Arnika – Bridewell Theatre, London

Writer: Mick Wood

Director: Natasha Wood

Reviewer: Maryam Philpott

Wars are full of atrocities, often huge political or military action against an entire nation or targeted group undertaken by those following a heinous ideology, and forever recorded in history. But there are plenty of smaller acts of betrayal committed by ordinary people that remain shrouded in mystery. Plenty of people disappear in wartime and whose to say they didn’t all die honourably on some battlefield rather than in much stranger circumstances.

Mick Wood’s new play Arnika, based on real events in Alsace examines the effect of conflict and identity in a small community unhappily sandwiched between Second World War antagonists France and Germany. Dealing with the memory of collusion and the consequences of fighting for one side and later enduring peacetime government from the other, Wood frames his wider themes in a tale domestic sacrifice and a community haunted by one act of defiance.

It’s 1951 and a Parisian Commissaire, Lamar, arrives in the village to investigate the wartime disappearance of a resistance fighter (Lucian) and two young soldiers (Paul and Remi) called up by the SS to serve on the Russian front. Talking to the families of the soldiers, Lamar encounters evasion and confusion among the Black Forest community, but his methods soon yield results. As he edges closer to the truth, strange activities occur, and a mentally fragile young woman named Arnika knows more than she can remember.

Wood’s play, directed by Natasha Wood, is a complex story that attempts to combine multiple drivers with influences from local folk art and performance from the region. As well as using a whodunnit format as the backbone of the story and to maintain the audience’s investment in finding out who killed Lucien, there is also an attempt to establish the nature and difficulties of small village life in the boarder-regions, as well as having an overarching narrative from a soldier in SS uniform who acts as an interpreter, giving shape and meaning to the scenes presented.

And in some places that works well, Wood does create a sense of the claustrophobia and fear of living in an area that has been a frequent bargaining chip in peace treaties, while offering a story that is inventively told with minimal props and only seven actors. Yet, at the same time Arnika’s scope also feels too large and doesn’t satisfactorily mange the three different points of view the audience has to follow – Lamar, the Soldier and Arnika – leaving the drama to dissipate across three long and meandering hours of theatre.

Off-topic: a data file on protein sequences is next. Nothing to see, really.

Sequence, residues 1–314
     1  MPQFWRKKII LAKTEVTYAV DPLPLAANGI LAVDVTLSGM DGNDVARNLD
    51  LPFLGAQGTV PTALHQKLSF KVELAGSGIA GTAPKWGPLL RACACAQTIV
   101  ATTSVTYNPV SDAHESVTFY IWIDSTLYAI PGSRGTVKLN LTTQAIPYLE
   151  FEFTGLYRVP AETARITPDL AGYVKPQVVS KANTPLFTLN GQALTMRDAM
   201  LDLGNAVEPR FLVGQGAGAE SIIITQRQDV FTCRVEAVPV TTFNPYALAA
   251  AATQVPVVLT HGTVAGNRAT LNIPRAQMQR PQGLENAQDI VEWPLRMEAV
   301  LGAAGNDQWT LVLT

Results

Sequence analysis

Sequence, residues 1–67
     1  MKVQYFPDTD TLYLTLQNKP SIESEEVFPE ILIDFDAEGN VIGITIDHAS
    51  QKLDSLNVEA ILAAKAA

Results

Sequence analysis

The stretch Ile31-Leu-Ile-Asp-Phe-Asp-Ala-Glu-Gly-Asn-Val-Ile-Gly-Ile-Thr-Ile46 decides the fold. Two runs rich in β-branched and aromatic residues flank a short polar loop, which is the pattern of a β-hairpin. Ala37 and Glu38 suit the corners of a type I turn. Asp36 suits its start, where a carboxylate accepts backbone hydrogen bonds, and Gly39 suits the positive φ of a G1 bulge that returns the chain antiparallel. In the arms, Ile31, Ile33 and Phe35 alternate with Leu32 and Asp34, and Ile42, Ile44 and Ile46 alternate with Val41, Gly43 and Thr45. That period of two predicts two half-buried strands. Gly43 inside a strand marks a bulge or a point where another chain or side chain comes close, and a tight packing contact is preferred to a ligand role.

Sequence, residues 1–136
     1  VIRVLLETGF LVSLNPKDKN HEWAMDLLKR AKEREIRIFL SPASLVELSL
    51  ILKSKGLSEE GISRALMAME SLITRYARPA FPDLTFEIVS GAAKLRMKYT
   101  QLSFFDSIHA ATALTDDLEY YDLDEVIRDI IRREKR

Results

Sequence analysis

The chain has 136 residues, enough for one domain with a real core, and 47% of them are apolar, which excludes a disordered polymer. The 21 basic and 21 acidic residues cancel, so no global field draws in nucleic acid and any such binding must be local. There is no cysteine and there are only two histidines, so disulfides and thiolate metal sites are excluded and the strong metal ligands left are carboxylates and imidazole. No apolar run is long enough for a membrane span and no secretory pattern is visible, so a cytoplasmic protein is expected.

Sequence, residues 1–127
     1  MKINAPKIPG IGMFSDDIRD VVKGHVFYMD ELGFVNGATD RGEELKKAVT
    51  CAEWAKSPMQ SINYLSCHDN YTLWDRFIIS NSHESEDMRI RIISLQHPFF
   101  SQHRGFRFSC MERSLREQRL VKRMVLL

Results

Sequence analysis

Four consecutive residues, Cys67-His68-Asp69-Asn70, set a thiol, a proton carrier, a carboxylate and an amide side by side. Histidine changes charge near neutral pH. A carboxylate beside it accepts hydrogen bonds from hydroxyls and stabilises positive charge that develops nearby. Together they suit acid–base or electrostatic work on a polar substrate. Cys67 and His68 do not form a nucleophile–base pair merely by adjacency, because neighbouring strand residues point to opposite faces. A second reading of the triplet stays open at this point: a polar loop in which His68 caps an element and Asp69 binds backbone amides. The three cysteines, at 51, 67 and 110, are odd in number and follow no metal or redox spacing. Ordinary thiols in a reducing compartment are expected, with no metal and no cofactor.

A much trimmer version of the play could focus entirely on the missing man and draw its tension from Lamar’s increasingly explosive interviews with the secretive villagers. These are currently Arnika’s best moments, as Tom Grace’s Lamar utilises different techniques to extract information from the two families – either flattering their taste in art to build rapport or forcing them to lose their tempers and reveal all. Having Eddie Toll’s Soldier as a narrator is also a good device to unite the distanced historical context with the local drama, but his role in the eventual denouement could make the motivation for the crime much clearer while retaining the ambiguity of the ending.

The villagers too are a little muddy in the current draft, and, aside from too much scene-setting that dilutes the pace throughout, most of the characters are not distinct enough. While some of this young cast play roles much older than they are, that is not always clear enough, so the parents and children set-up more often seem like five people of equivalent age. The role of Arnika herself is even less obvious, and although she is given a central role and Ruby Richardson earns a few laughs with her energetic performance, ultimately her story seems to run in parallel to the main plot rather than being integral to it, so it’s not entirely clear what the point the character is being used to make.

Miles Ascough’s masks are suitably grotesque, providing a useful anonymity for the actors when they’re doubling up as scenery, and the simple production values give the ensemble a chance to convincingly create a number of locations from the forest filled with birdsong to the hubbub of the local inn. Given it’s 1951, the traditional dress evoking the eighteenth or nineteenth-century is at odds with the modernity of the story – really Lamar should have looked like an alien presence, given a different uniform rather than wearing the same peasant dress as everyone else. And while the idea of a troupe of local actors performing this folk-tale is an interesting one, making a point of divvying up the parts at the start is rather undermined by the already assigned roles on the programme sheet.

With a slight simplification of the plot, Wood’s play could easily reveal an untold aspect of twentieth-century history while also being a satisfactory piece of theatre. At its heart, Arnika does have an interesting and important story to tell about the complicated effects of warfare for areas like Alsace and the unpredictable responses of ordinary people in time of extreme crisis.

Runs until: 2 March 2018 | Image: Tom Crooke/Bobbin Productions. 

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